Over $100,000 in Federal Funding Helping Natural Habitats in Sarina

Sarina Landcare Catchment Management Association (SLCMA) has received $100,195 in multiple rounds of the Federal Government’s Communities Environment program to undertake important rehabilitation works and assessments in Capricornia.

Announced last year, the environmental projects undertaken by SLCMA include the rehabilitation of Louise Creek Reserve and Carmila Beach Reserve and assessments of the Tedlands Wetland Fishway. In May 2020, additional funding of $58,593 to undertake a further three important environmental projects in the Sarina region was announced.

Touring Sarina Community Native Gardens, Federal Member for Capricornia Michelle Landry said the Communities Environment Program is providing much-needed funding to organisations to benefit the local environment

“The Communities Environment Program is investing in cleaner and greener communities and I’m happy to see it work right here in Sarina.

“The Federal Government has a long and successful history of working with local community groups to deliver clear and measurable benefits to our environment and our communities.

“I know Saskia and her team at Sarina Landcare Catchment Management Association are doing great work to manage, conserve and protect natural habitats, land, rivers, wetlands and coasts. I want to thank them for their tireless work,” Ms Landry said.

SLCMA Coordinator Saskia von Fahland said the important environmental work being undertaken by SLCMA, is carrying on during the coronavirus (COVID-19) pandemic.

“COVID hasn’t put a stop to our work on these important projects.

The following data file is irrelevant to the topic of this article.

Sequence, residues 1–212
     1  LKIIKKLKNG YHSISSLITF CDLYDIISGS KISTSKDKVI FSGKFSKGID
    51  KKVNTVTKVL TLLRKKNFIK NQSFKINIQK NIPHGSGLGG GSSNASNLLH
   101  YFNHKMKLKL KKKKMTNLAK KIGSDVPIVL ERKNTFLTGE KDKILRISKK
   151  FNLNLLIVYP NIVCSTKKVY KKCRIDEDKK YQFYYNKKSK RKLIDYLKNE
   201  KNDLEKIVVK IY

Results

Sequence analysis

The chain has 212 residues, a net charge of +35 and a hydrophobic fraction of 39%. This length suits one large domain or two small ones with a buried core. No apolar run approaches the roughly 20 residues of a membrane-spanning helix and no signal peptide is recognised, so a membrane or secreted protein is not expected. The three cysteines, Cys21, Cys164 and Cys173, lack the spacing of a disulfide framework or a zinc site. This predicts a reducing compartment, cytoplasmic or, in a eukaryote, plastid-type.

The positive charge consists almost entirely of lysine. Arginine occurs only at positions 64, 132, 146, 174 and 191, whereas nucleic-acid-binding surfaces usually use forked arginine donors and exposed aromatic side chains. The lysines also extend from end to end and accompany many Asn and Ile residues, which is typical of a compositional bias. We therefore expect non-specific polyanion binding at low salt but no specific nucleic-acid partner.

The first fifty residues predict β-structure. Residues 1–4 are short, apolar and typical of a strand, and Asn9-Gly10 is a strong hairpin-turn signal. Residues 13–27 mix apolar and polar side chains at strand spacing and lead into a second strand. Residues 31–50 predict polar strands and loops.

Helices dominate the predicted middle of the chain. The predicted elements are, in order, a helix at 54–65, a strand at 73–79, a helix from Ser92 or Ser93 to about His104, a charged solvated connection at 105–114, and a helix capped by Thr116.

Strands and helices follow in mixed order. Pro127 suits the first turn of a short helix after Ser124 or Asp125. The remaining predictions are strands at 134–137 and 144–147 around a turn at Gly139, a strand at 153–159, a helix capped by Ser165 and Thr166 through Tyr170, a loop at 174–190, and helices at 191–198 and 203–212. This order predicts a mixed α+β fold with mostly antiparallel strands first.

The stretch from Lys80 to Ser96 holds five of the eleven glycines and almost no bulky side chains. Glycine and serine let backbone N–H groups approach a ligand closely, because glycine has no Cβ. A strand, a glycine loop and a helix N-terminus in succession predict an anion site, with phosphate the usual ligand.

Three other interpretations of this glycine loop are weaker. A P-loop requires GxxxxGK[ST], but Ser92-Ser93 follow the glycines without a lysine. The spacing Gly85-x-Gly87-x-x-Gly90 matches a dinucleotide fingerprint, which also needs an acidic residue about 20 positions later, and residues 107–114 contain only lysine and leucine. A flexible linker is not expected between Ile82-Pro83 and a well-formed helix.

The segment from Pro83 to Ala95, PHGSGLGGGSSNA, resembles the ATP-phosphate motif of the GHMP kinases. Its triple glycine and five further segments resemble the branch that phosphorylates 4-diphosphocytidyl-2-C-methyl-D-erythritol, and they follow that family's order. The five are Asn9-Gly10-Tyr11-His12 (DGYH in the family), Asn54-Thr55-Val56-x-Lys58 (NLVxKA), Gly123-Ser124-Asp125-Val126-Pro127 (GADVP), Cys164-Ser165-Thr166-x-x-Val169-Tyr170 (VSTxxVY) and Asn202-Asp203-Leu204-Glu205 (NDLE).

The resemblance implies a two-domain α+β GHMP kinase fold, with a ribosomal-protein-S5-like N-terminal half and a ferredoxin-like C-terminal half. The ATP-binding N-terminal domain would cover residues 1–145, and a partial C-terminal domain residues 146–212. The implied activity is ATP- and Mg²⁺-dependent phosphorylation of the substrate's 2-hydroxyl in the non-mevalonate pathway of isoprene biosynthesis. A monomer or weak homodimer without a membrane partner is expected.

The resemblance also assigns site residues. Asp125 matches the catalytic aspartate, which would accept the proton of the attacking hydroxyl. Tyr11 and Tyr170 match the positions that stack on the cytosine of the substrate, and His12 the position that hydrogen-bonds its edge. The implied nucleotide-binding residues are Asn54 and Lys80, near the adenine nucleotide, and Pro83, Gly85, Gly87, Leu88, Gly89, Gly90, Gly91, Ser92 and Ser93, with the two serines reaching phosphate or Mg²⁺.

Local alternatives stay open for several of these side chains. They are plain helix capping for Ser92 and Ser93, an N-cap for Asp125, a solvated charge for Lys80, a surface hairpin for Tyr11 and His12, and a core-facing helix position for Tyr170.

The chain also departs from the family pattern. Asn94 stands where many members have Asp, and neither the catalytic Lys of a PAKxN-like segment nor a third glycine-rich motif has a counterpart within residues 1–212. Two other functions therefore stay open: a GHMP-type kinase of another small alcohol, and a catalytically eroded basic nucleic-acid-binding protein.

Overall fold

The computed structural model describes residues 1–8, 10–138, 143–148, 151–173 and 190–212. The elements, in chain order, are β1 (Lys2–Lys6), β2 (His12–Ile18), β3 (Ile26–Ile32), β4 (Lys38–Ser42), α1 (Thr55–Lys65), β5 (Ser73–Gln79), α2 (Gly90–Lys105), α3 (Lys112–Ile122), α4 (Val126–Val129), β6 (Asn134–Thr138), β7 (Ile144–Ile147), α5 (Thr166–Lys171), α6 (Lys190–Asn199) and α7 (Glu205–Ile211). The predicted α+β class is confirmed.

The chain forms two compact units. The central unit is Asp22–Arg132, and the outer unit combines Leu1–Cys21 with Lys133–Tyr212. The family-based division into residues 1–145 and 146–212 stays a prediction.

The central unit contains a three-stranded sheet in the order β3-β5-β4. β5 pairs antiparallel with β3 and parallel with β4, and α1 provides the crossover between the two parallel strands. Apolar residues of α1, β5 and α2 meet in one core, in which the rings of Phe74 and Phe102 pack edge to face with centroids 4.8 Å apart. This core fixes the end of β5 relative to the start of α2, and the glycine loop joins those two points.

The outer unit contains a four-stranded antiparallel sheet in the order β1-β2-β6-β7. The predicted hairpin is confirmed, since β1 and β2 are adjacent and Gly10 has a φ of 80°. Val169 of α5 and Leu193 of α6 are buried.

“We will continue to assist the local community in understanding, managing and retaining its natural resources and unique biodiversity,” Ms Von Fahland said.

“We provide free property visits and land management advice to landholders, undertake on-ground rehabilitation projects; and engage youths and volunteers in educational and practical landcare activities.

Breakdown of funding for each project includes:

OrganisationProgramTotal AmountProject
SLCMACommunities Environment Program$13,812.00Rehabilitation of Louisa Creek Reserve
SLCMACommunities Environment Program$14,345.00Rehabilitation of Carmila Beach Reserve
SLCMACommunities Environment Program$13,445.00Tedlands Wetland Fishway Assessment
SLCMACommunities Environment Program$19,988.00Landholder Support for Streambank Rehabilitation
SLCMACommunities Environment Program$18,675.00Friends of Sarina Community Native Garden Pilot Project
SLCMACommunities Environment Program$19,930.00  Sarina Inlet trail

About the Communities Environment Program

The Australian Government will invest up to $22.65 million this financial year through the Communities Environment Program (CEP) to support a wide range of small-scale, on-ground projects that aim to conserve, protect and manage our environment.

The program seeks to support community groups—including those that may not be able to compete in larger and more competitive grant programs—to address local environmental priorities. The program also seeks to encourage the community to connect with their local natural environment and to build and strengthen local communities.

Eligible activities are defined in the program’s grant guidelines which are the basis for assessing eligibility. The following activities are provided as a guide to the types of projects that may be suitable for a grant under the program:

  • monitoring local flora, fauna, water quality or marine debris
  • supporting the recovery of threatened species and/or threatened ecological communities
  • seed collection, propagation and planting of trees and understorey to control erosion and/or rehabilitate degraded natural habitats, riverbanks, wetlands and/or coasts
  • improving or increasing the extent of suitable habitat, vegetation linkages and available food sources for native animals, including in urban areas
  • reducing the impact of invasive weeds, pest animals, diseases and erosion on threatened species and natural habitats
  • installing infrastructure (such as boardwalks) or fencing to manage access to sensitive natural habitats
  • reducing the impact of waste and litter on natural habitats (e.g. litter clean-up events, marine debris collection or litter management infrastructure)
  • workshops to increase community skills in monitoring, conserving, and/or protecting threatened species, ecological communities or other important environmental assets.
Scroll to Top